Guided tour in the Alhambra and surroundings

2 hr

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Itinerary
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Stop At: Puerta de la Justicia, Calle Real de La Alhambra 18 Granada, 18009 Alhambra Spain

Adjacent to the Gate of Justice is a circular artillery bastion from where a cut stone wall descends, in front of which a Grenadian Renaissance sculptural masterpiece of stone stands: Charles V’s Pillar.

In the centre of the Esplanade is another more modest pillar in honour of the writer Washington...
Itinerary
This is a typical itinerary for this product

Stop At: Puerta de la Justicia, Calle Real de La Alhambra 18 Granada, 18009 Alhambra Spain

Adjacent to the Gate of Justice is a circular artillery bastion from where a cut stone wall descends, in front of which a Grenadian Renaissance sculptural masterpiece of stone stands: Charles V’s Pillar.

In the centre of the Esplanade is another more modest pillar in honour of the writer Washington Irving, built to commemorate the centenary of his death.

The Gate of Justice (Puerta de la Justicia) is also known as the Gate of the Esplanade (Puerta de la Explanada) because of the large esplanade that extended before it. Its magnificent silhouette stands out, making it one of the symbols of the Alhambra.

In addition to its structural function, the Gate features one of the most significant symbolic icons of the Alhambra: the hand carved in the keystone of the arch and a key in the centre of the inner archway (Islamic symbols). These contrast with the Gothic figure of the Virgin and the Child, by Roberto Alemán, placed over the original Arab inscription of the Gate by order of the Catholic Monarchs.

Four engaged columns with the representation of the Muslim Faith carved on the capitals, frames the door, which has preserved its iron-plated door leaves and other original iron work, recently restored.

The interior of the Gate, with its defensive two turns to climb the steep ascent, contains three kinds of vaults: an elongated cross-vault, a cupola and three traditional cross vaults, all painted with red brick-like decoration, a common feature of the Nasrid architecture.

Outside the gate, and by request of the inhabitants of the Alhambra in 1588, an altarpiece painted by Diego de Navas el Joven, was hung in the place where the first Mass was celebrated after the Christian conquest. The inner side of the Gate preserves part of the rich original decoration of rhombus tile patterns in the spandrels of the horseshoe arch.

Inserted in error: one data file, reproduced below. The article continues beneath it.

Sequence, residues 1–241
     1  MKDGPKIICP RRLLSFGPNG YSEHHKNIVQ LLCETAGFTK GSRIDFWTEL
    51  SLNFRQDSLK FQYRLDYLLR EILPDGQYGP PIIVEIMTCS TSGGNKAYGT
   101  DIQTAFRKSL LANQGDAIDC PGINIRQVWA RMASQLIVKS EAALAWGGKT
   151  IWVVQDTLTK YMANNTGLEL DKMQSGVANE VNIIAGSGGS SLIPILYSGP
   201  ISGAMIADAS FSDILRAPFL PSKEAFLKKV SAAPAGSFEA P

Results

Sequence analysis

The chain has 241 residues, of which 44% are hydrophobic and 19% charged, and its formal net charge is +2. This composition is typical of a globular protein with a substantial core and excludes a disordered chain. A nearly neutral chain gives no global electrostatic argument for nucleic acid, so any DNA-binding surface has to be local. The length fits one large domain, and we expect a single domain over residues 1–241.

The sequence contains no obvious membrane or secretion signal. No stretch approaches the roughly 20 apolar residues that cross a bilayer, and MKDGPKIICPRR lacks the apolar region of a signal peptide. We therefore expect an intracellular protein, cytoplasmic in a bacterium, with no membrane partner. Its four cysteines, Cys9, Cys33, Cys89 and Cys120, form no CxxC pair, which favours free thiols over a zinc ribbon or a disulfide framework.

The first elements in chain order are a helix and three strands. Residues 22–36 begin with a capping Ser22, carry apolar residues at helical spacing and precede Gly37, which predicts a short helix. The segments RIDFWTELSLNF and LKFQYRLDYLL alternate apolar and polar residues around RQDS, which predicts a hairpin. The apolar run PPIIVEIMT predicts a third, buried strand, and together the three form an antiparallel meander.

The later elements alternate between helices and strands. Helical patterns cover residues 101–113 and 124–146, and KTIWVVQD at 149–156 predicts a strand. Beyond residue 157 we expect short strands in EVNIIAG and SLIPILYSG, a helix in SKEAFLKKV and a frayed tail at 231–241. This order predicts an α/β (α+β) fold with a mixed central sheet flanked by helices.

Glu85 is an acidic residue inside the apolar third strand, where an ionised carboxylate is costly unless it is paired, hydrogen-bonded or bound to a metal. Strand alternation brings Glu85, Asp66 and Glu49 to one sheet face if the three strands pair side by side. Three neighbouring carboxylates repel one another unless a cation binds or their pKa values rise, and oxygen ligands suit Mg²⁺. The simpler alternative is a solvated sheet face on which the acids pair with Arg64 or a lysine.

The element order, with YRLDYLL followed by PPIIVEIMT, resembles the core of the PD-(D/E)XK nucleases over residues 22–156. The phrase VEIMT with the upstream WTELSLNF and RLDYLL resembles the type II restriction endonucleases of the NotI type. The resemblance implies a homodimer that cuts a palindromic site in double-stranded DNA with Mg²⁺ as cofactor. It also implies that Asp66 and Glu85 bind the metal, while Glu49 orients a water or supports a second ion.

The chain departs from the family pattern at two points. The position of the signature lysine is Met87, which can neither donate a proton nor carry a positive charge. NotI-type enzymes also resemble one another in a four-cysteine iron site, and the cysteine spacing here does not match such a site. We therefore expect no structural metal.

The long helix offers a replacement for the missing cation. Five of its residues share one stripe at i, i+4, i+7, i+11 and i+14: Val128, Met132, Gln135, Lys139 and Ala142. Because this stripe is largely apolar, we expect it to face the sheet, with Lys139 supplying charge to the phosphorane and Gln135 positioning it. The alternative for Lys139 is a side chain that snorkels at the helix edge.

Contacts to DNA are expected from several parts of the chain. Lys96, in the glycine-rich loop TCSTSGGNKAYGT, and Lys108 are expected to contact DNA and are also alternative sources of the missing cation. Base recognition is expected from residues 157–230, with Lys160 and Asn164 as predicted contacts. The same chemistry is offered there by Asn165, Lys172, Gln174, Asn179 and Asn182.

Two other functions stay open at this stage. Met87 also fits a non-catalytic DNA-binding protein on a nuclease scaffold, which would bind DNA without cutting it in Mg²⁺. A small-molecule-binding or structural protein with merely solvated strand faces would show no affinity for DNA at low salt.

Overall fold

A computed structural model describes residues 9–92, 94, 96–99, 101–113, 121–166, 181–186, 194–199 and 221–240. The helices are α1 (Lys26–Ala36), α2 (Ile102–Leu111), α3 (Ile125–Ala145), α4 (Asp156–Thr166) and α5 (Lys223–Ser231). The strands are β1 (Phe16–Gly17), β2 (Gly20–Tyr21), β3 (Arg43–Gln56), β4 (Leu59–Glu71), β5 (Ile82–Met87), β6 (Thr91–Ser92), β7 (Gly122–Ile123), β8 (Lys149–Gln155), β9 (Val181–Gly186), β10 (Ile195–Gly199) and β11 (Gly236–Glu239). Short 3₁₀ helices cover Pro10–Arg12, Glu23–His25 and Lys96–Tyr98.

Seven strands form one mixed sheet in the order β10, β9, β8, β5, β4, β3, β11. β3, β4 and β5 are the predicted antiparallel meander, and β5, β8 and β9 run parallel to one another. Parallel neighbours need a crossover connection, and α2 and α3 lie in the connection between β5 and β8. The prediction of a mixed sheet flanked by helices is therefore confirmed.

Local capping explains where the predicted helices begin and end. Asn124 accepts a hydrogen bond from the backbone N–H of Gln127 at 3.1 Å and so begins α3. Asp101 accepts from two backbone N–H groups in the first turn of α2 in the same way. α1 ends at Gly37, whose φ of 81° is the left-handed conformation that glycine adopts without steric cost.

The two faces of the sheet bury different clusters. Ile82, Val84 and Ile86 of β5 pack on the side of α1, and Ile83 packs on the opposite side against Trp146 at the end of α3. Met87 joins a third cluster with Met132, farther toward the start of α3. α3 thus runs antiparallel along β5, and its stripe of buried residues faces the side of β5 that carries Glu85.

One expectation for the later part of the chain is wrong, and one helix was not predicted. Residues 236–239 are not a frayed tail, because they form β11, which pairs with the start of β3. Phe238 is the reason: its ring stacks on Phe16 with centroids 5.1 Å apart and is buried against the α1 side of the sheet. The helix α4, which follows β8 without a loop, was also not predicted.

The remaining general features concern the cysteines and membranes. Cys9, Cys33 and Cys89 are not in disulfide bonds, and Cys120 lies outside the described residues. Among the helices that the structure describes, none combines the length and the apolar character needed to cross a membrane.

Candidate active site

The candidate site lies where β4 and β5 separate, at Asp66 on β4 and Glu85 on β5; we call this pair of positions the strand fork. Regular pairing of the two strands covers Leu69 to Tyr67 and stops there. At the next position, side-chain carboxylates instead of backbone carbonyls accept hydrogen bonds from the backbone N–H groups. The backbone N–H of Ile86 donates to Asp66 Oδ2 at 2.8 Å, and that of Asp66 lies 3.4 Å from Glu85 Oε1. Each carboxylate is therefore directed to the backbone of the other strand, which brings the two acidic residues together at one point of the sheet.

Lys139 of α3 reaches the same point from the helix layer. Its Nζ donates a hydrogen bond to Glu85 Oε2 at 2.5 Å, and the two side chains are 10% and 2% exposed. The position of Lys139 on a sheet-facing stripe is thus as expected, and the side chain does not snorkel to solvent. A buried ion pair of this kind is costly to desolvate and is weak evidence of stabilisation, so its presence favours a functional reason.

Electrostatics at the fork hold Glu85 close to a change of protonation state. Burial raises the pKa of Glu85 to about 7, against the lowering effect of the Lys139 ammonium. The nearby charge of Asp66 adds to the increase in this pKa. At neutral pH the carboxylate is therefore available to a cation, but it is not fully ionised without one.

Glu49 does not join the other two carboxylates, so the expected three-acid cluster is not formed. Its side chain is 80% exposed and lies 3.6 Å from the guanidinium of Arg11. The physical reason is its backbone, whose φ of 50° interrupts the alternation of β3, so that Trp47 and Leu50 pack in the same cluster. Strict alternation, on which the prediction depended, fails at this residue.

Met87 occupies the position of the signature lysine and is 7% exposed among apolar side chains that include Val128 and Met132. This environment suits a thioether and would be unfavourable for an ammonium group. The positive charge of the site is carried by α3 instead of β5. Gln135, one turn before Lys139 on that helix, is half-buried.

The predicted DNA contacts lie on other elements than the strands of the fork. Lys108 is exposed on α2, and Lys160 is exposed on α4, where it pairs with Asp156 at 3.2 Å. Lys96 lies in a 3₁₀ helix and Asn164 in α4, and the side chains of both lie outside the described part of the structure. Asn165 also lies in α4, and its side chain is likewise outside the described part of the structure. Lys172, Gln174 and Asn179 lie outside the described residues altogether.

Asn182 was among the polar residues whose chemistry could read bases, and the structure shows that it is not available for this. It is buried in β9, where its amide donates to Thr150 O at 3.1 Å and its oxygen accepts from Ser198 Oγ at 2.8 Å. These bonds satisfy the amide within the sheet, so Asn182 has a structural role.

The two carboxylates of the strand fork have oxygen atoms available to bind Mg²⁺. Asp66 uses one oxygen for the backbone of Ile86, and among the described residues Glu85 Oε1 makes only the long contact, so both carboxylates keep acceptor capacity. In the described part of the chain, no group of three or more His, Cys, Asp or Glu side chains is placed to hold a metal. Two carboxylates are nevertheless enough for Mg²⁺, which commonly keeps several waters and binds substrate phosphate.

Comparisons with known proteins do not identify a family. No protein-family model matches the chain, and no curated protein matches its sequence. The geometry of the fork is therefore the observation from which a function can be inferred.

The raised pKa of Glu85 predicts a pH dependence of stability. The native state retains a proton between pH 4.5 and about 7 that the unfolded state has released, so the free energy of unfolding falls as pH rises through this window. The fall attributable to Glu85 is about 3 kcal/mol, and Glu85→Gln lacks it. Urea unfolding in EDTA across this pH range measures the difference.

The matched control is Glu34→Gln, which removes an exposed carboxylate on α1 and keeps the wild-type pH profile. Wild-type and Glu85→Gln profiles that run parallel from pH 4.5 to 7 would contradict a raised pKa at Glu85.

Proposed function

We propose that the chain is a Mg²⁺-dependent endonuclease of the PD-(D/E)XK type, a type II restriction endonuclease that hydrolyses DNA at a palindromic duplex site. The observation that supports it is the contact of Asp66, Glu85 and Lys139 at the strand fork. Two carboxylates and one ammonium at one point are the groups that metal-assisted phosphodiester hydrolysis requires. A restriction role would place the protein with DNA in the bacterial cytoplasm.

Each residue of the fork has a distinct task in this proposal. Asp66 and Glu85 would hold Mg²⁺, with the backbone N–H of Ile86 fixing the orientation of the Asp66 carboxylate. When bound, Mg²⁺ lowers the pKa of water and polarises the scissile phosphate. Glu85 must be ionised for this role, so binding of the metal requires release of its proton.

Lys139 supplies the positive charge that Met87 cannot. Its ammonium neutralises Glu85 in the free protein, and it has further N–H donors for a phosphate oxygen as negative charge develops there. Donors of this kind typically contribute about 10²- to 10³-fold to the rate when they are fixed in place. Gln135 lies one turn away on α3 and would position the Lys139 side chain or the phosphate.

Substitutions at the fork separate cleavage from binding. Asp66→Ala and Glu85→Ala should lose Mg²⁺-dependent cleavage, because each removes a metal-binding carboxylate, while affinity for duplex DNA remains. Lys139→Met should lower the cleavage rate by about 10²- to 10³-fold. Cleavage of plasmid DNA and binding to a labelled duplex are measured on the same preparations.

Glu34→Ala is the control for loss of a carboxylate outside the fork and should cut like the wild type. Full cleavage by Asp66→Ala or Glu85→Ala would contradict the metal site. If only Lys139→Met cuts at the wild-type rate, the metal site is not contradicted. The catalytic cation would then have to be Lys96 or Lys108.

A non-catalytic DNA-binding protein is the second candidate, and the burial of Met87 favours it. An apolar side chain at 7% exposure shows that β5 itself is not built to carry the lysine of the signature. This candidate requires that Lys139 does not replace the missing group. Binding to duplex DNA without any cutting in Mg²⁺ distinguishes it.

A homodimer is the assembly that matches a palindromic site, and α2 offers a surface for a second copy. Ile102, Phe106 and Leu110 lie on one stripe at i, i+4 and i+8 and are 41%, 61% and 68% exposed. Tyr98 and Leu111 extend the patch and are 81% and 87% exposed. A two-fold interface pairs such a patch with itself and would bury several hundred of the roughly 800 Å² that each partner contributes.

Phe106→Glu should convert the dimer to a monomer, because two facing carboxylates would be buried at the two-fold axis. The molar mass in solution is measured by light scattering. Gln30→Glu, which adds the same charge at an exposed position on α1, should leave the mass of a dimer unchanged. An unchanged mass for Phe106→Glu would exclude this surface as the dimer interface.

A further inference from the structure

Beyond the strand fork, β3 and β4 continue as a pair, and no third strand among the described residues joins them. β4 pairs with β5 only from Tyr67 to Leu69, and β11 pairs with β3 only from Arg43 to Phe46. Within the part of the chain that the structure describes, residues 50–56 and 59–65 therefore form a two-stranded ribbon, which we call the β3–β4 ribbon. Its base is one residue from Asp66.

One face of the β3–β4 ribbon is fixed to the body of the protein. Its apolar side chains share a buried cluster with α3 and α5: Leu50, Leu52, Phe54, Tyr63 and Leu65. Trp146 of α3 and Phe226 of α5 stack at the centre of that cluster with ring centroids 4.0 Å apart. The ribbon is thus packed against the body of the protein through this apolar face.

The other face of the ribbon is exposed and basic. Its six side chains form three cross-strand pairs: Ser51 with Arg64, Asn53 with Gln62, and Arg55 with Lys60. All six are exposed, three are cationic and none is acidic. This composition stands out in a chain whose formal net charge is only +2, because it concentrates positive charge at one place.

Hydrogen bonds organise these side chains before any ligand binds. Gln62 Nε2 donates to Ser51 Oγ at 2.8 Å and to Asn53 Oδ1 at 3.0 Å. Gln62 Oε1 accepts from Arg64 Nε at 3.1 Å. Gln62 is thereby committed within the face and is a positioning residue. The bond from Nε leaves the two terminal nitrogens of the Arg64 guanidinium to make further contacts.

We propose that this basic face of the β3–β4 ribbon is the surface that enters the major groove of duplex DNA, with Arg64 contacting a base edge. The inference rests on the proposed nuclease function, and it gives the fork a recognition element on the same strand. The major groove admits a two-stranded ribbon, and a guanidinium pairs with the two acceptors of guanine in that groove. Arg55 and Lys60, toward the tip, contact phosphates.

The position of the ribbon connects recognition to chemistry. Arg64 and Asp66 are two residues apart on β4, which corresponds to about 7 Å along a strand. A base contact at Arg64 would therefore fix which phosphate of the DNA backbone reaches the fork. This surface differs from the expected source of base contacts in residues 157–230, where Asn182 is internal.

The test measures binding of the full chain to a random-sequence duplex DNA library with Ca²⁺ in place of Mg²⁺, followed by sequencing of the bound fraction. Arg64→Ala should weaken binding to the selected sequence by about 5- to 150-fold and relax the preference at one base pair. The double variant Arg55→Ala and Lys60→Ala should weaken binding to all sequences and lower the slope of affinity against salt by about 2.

Opposite the gate is a wide outer-road at the wall foot, reinforced after the Christian conquest with sepulchre marble slabs. Further up the road we reach the starting point of the official guided tour, the Façade of the Gate of Wine, in front of the the Cisterns Square.

Duration: 15 minutes

Stop At: Puerta del Vino, Plaza Algibes Alhambra 2T, 18009 Granada Spain

To some extent the function of this Gate today is similar to what it had been during the Nasrid period. It is the main entrance gate to the Medina of the Alhambra and serves to enclose the residential and artisan district within the walled fortress.

Because it was an inner gate, it provided direct access to the fortress, as opposed to the outer gates, which required more protection and were built as L-shaped passageways. Inside, however, there was room enough for benches for the guards that controlled all access to the fortress.

Architecturally one of the oldest structures in the Nasrid Alhambra , it was built during the time of the Sultan Muhammad III (1302-1309), although the decoration of both façades pertains to different periods

The door on the east side, carved in sand stone, probably belongs to the 13th century or the beginning of the 14th century, although the tombstone over the door lintel refers to Sultan Muhammad V, who ruled the fortress in the second half of the 14th century. This east façade was the outer side of the gate and, therefore, the traditional Islamic symbol of the key was engraved above the arch key.

The inner side, i.e. the west façade, even when it follows a similar structural pattern, was decorated during the second mandate of Sultan Muhammad V, more specifically after 1367, the date of the military campaigns of Jaen, Baeza and Ubeda. Remarkable are the beautifully decorated spandrels hanging from the arch, made up of dry-rope manufactured tiles, and the composition of the stucco walls that frame the upper floor’s window, and the rest of well-preserved polychromatic painting on the right side of the arch.

Duration: 10 minutes

Stop At: Palace of Carlos V, Alhambra, Granada Spain

Charles V, King and elected Emperor, was a monarch that was travelling throughout Europe when he decided to build his Palace in the Alhambra. His aim was not to establish his capital in Granada but to build another royal residence, significant for its symbolic value and location: a Muslim citadel conquered by his grandparents, the Catholic Monarchs.